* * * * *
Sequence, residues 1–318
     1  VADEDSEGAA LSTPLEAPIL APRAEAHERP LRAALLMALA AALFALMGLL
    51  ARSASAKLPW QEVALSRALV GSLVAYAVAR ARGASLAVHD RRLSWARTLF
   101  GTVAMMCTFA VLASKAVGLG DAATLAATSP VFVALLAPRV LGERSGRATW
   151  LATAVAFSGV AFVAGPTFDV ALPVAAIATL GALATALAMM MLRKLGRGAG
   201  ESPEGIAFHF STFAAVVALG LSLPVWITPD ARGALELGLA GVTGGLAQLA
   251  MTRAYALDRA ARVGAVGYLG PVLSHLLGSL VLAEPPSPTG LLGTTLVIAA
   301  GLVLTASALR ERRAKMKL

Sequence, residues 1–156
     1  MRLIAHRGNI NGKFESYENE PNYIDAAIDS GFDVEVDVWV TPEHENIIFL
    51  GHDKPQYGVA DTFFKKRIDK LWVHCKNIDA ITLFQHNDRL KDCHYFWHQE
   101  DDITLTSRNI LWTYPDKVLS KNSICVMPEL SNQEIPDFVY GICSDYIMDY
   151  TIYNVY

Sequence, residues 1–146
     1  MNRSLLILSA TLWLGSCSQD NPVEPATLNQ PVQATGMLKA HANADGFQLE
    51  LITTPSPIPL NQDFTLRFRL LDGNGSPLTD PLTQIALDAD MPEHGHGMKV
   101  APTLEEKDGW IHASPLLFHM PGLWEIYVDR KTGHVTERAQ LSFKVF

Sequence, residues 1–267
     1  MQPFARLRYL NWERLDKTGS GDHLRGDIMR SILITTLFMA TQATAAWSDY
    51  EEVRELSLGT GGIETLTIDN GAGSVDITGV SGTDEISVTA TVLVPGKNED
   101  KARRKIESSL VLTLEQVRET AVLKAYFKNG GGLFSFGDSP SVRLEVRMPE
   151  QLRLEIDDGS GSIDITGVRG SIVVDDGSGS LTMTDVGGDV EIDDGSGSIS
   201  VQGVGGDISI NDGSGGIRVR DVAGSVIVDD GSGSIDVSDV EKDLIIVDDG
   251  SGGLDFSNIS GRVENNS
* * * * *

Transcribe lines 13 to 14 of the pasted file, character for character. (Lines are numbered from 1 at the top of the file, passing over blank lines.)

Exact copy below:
   151  TIYNVY

Sequence, residues 1–146